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GM-017 The annual costs of preparing the top 10 most commonly used injectable drugs as prefilled syringes in a hospital pharmacy
  1. A Thomsen1,
  2. Y Nejatbakhsh1,
  3. B Madsen2
  1. 1The Hospital Pharmacy-Central Region, Aarhus, Denmark
  2. 2The Hospital Pharmacy-Central Region, Production, Aarhus, Denmark

Abstract

Background In The Central Region we are now in the process of building a new hospital. The hospital intends to supply the wards with ready to use drugs and our primary task is to design a facility with sufficient capacity to meet their future demands. The hospital pharmacy made a business case investigating the costs/benefits of buying and operating a syringe filler at the pharmacy, focusing on the top 10 most commonly used injectable drugs.

Purpose The primary purpose of the business case was to estimate the requirements for capacity needed at the pharmacy regarding personnel, equipment and production facilities. The secondary purpose was to estimate the running costs of production, following regulations of EU-GMP rules concerning production, batch release and stability testing.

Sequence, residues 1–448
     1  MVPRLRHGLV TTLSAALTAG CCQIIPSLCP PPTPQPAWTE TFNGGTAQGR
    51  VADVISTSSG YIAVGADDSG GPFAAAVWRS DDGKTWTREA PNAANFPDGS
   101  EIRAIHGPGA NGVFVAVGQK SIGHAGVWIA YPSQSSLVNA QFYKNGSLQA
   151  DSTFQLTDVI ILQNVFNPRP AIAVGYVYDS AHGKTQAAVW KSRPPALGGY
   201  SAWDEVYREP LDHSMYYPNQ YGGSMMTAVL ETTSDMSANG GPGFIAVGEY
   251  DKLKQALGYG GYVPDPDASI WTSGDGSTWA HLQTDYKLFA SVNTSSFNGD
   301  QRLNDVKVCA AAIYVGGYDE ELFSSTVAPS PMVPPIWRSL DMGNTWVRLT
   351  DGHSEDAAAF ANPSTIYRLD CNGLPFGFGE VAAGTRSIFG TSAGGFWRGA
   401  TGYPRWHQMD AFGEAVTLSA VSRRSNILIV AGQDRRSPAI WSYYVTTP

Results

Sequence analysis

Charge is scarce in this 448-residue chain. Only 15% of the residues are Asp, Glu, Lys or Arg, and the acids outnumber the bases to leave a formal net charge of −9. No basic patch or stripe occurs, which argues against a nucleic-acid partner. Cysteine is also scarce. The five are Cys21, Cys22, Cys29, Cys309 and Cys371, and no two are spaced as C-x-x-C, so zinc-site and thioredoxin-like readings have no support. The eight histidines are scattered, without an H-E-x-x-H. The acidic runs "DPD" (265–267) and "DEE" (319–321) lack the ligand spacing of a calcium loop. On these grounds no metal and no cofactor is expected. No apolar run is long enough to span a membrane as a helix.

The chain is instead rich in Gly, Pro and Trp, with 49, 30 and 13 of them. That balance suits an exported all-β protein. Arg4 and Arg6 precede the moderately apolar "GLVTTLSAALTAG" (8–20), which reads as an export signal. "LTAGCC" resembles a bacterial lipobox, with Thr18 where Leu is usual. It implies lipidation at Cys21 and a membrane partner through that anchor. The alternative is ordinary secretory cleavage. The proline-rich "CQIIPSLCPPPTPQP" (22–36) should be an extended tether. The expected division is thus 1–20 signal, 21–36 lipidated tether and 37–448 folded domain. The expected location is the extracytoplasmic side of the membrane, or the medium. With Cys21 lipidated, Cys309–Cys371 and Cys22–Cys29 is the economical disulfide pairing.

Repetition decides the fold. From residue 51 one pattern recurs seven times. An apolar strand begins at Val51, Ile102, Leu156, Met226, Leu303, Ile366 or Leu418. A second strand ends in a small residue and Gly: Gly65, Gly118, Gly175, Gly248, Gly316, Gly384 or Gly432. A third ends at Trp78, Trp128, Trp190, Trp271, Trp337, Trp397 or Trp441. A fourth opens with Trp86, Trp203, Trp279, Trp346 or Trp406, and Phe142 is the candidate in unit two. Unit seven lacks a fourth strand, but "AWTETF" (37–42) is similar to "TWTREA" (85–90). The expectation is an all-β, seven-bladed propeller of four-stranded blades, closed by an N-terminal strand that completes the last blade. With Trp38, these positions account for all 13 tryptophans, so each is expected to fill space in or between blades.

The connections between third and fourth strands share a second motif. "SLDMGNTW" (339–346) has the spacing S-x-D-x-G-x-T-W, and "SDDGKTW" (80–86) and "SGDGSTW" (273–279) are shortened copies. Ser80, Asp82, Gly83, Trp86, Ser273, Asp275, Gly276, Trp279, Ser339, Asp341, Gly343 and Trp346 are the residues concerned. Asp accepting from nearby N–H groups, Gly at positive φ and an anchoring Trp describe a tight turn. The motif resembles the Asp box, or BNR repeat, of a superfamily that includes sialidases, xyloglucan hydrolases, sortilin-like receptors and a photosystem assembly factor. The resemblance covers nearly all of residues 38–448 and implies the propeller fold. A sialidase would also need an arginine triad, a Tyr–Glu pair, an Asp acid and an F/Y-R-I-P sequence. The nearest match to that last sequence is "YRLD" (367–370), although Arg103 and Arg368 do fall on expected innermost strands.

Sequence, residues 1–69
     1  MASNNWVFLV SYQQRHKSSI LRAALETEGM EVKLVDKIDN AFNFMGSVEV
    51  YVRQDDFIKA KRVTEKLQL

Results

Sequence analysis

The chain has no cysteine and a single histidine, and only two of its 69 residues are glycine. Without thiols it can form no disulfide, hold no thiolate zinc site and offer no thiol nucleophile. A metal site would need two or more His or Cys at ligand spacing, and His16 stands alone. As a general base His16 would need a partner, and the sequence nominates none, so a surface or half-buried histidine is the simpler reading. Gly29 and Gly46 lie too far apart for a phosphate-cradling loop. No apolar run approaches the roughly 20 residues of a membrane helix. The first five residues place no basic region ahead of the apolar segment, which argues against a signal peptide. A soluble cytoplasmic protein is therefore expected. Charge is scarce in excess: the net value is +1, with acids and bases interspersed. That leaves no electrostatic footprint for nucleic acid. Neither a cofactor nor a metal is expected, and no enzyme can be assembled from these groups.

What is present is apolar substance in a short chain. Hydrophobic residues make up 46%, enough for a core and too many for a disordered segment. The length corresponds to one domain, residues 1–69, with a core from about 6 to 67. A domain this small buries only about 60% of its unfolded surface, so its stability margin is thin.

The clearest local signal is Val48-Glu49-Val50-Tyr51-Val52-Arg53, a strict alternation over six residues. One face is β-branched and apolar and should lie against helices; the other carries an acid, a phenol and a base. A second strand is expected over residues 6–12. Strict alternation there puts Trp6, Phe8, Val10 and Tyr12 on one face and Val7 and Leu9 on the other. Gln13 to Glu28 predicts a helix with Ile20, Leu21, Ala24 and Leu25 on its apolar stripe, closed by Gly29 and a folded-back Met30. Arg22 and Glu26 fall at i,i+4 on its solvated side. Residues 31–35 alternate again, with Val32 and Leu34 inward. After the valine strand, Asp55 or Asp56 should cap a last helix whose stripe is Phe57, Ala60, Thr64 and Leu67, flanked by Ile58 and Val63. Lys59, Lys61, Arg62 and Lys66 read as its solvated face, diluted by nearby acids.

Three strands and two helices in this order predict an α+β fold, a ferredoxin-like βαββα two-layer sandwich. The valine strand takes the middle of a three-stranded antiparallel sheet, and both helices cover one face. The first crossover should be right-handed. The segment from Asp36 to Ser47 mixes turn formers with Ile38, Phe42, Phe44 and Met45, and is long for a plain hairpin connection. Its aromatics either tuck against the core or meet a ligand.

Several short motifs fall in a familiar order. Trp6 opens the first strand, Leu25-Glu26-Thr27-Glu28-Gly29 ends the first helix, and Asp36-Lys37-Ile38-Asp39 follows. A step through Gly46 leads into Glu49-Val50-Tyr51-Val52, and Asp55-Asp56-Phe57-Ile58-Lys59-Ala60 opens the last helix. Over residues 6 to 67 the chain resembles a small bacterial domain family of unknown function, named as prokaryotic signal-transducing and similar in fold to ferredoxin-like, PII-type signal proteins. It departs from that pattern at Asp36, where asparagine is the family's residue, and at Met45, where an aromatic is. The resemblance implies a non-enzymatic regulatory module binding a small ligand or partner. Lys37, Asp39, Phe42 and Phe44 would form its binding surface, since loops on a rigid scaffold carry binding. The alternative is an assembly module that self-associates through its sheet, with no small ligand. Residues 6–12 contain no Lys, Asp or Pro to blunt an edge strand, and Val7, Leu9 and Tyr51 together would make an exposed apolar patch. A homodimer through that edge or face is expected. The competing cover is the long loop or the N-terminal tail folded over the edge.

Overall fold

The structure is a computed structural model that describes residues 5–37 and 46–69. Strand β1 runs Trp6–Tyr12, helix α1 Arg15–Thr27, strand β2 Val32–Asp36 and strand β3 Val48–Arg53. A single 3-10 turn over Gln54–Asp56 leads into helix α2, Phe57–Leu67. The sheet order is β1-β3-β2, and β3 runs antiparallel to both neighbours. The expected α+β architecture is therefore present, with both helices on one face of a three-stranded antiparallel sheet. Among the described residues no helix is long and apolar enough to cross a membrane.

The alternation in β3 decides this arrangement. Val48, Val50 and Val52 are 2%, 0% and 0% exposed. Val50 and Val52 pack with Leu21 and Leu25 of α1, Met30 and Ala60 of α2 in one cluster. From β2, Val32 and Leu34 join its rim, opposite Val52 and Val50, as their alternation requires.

Material and methods We had four inputs to take into account: (1) baseline data from the wards; (2) fluctuation in daily use; (3) economy regarding production with longer shelf-life; and (4) new technology (equipment, usable syringes). On the basis of the first two inputs, knowledge about production time of prefilled syringes, need for facilities, personnel, equipment and stability data were calculated as an initial investment and running costs per year.

Results We calculated an annual production requirement of 120 000 prefilled syringes using a semi-automated machine to transfer it into syringes. This amount of syringes demands 9 full years’ work for 1 person. The initial investment cost amounts to €540 000 and the running costs to €975 000 a year.

Conclusion Based on the results, the hospital board has found the concept very interesting, but cannot currently meet the monetary requirement for investment.

References and/or acknowledgements Pharmacy technicians Ursula Beeck, Lone Handberg, Birgit Hein and Mette Marie Dam Jacobsen, clinical pharmacist Charlotte Arp, and others. Niels Linde Laursen.

No conflict of interest

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